Silent Generation

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The Silent Generation is the demographic cohort following the G.I. Generation, roughly those born from the mid-1920s to the early-to-mid 1940s.


While there were many civil rights leaders, the "Silents" are called that because many focused on their careers rather than on activism, and people in it were largely encouraged to conform with social norms. As young adults during the McCarthy Era, many members of the Silent Generation felt it was dangerous to speak out.[1] Time magazine coined the term "Silent Generation" in a November 5, 1951 article entitled "The Younger Generation", and the term has remained ever since. The Time article said that the ambitions of this generation had shrunk, but that it had learned to make the best of bad situations.[2][3][4] The name was originally applied to people in the United States and Canada but has been applied as well to those in Western Europe, Australia and South America. It includes most of those who fought during the Korean War. In the United States, the generation was comparatively small because the financial insecurity of the 1930s and the war in the early 1940s caused people to have fewer children.[3]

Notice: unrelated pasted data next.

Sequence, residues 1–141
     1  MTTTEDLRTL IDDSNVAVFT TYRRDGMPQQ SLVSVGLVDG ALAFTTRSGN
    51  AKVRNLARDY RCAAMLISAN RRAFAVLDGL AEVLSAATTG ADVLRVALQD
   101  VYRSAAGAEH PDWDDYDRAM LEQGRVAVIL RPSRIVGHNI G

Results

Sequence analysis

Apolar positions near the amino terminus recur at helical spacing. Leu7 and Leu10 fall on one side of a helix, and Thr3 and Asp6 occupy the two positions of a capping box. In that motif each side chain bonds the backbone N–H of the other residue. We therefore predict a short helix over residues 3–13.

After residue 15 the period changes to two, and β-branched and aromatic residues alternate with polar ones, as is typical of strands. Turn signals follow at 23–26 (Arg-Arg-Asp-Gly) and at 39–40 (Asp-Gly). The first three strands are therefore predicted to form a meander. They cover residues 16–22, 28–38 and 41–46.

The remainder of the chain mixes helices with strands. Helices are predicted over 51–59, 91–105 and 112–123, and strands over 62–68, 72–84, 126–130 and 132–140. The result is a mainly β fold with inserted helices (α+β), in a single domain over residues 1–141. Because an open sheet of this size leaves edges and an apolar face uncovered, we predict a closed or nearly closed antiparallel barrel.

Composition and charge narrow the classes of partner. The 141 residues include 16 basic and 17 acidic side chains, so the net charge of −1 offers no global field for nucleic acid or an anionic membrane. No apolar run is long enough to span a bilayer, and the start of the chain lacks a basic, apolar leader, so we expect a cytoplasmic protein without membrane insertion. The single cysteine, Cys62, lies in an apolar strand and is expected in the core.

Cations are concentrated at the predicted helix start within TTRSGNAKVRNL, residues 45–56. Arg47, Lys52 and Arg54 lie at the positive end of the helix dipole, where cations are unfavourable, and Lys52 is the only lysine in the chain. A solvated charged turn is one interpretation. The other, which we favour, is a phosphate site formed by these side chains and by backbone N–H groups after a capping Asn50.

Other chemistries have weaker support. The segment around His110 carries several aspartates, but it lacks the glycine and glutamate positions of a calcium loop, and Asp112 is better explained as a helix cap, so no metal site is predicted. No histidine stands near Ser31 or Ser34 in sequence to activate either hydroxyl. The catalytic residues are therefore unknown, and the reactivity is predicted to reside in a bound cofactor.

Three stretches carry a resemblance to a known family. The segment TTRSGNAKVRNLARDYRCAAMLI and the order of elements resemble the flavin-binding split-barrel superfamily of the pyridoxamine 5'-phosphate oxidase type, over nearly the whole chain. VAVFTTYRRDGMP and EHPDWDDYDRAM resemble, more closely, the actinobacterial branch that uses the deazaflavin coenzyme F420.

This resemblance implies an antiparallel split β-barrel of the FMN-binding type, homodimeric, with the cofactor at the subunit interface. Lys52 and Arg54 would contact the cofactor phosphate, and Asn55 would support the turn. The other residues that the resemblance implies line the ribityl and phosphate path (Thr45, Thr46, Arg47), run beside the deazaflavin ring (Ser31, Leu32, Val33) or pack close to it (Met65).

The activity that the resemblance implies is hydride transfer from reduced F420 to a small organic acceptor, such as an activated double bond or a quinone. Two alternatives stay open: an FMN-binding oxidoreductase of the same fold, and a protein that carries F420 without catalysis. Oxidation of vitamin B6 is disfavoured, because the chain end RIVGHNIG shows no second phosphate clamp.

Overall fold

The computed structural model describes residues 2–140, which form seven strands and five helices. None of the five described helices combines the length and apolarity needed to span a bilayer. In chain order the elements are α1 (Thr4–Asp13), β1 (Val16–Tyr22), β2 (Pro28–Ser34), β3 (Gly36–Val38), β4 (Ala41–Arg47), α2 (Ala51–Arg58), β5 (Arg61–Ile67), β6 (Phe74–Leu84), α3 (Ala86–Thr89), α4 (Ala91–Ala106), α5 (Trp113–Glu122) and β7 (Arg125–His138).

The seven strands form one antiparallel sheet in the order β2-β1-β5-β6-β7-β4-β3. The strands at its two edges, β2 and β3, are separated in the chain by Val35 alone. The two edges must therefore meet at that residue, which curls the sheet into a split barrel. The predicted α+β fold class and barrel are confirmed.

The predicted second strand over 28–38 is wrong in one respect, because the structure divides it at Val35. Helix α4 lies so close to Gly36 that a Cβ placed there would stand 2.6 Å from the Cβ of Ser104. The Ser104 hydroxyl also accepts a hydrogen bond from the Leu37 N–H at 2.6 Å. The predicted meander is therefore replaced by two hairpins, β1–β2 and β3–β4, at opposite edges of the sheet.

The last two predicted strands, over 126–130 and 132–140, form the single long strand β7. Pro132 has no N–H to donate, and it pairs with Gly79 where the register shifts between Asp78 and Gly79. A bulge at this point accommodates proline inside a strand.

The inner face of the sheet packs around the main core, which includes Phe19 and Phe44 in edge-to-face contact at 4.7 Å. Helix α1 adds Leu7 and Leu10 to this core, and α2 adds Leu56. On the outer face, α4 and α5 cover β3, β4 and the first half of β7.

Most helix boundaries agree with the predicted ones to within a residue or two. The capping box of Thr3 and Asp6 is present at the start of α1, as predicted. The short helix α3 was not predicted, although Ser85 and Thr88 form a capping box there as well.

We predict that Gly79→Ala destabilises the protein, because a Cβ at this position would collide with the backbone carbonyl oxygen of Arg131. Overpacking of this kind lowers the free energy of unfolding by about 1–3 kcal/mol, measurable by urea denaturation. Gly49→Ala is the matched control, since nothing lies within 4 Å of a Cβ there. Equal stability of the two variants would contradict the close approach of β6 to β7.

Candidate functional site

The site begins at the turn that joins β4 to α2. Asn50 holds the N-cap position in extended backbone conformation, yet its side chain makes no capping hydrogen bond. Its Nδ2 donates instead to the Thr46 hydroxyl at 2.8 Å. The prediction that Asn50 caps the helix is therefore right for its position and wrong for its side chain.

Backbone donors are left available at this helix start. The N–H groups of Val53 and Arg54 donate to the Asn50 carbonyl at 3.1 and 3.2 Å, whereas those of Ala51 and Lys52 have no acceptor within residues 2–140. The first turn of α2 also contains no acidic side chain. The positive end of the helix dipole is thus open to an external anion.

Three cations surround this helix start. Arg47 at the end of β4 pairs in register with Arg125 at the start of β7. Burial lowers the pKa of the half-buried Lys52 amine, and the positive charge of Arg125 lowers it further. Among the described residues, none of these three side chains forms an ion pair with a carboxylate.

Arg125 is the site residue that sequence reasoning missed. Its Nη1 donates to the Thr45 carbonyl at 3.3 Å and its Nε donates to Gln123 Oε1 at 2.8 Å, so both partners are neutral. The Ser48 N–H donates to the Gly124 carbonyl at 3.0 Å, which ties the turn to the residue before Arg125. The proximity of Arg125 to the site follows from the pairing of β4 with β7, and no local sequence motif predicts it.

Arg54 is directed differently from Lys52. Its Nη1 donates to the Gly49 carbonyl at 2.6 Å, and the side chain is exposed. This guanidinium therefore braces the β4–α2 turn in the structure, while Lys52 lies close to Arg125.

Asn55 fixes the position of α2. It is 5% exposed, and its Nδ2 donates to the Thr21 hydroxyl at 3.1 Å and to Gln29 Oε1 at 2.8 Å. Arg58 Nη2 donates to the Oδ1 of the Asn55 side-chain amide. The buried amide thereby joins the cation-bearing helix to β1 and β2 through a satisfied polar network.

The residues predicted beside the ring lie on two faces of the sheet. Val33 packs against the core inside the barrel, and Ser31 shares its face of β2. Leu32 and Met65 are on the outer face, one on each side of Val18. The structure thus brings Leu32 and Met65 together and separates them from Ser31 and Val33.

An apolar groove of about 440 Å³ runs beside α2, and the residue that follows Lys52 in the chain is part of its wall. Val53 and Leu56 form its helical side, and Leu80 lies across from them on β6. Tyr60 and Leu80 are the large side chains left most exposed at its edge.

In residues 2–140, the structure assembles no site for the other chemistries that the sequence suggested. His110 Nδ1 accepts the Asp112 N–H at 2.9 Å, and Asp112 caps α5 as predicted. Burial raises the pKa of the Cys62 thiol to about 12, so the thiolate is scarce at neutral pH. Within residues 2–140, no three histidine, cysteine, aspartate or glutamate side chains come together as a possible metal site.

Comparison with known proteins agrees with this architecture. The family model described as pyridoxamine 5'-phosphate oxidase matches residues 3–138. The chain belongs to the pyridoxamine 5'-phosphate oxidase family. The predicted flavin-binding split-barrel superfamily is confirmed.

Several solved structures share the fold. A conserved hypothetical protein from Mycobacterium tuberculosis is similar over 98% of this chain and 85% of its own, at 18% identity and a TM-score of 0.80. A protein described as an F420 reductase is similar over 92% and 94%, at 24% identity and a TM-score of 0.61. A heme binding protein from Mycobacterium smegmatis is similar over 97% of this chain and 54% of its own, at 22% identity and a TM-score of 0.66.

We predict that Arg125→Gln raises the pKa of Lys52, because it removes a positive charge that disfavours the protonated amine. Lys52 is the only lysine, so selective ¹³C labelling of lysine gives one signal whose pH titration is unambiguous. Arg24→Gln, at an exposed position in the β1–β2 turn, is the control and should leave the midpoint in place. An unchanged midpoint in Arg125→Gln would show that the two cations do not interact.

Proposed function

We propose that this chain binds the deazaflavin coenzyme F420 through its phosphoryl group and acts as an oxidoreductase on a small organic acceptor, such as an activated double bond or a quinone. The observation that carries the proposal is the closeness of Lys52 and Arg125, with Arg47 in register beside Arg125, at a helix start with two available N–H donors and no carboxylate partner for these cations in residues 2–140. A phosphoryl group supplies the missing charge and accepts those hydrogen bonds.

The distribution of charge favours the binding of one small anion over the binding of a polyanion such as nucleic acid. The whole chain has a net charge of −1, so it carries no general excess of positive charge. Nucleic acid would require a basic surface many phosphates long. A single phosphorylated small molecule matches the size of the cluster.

They have also been named the "Lucky Few" in the 2008 book The Lucky Few: Between the Greatest Generation and the Baby Boom,[5][6] by Elwood D. Carlson PhD, the Charles B. Nam Professor in Sociology of Population at Florida State University.[7] Carlson notes that this was the first generation in American history to be smaller than the generation that preceded them. He calls the people of this generation "The Lucky Few" because even though they were born during the Great Depression and World War II, they moved into adulthood during the relatively prosperous 1950s and early 1960s. For men who served in the Korean War, their military service was not marked by high casualties as much as the previous generation. The Lucky Few also had higher employment rates than the generations before and after them, as well as better health and earlier retirement. African Americans in this generation also did better than earlier generations in education and employment.[8] Neil Howe writing for Forbes describes the Silent Generation as those born 1925–1941.[3] Pew Research Center defines the generation as being born from 1928 to 1945.[9]

Notable figures[edit]